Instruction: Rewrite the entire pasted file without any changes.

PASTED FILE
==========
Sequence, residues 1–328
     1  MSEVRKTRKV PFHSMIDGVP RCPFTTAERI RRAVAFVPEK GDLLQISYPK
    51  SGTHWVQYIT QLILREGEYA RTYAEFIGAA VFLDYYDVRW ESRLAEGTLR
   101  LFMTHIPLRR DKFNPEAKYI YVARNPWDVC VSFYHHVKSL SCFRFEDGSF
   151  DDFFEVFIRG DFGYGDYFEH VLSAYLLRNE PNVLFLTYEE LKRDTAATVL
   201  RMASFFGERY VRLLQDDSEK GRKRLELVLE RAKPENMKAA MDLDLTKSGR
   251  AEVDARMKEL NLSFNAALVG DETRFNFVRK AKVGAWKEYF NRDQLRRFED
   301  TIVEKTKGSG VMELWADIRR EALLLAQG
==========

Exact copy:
Sequence, residues 1–328
     1  MSEVRKTRKV PFHSMIDGVP RCPFTTAERI RRAVAFVPEK GDLLQISYPK
    51  SGTHWVQYIT QLILREGEYA RTYAEFIGAA VFLDYYDVRW ESRLAEGTLR
   101  LFMTHIPLRR DKFNPEAKYI YVARNPWDVC VSFYHHVKSL SCFRFEDGSF
   151  DDFFEVFIRG DFGYGDYFEH VLSAYLLRNE PNVLFLTYEE LKRDTAATVL
   201  RMASFFGERY VRLLQDDSEK GRKRLELVLE RAKPENMKAA MDLDLTKSGR
   251  AEVDARMKEL NLSFNAALVG DETRFNFVRK AKVGAWKEYF NRDQLRRFED
   301  TIVEKTKGSG VMELWADIRR EALLLAQG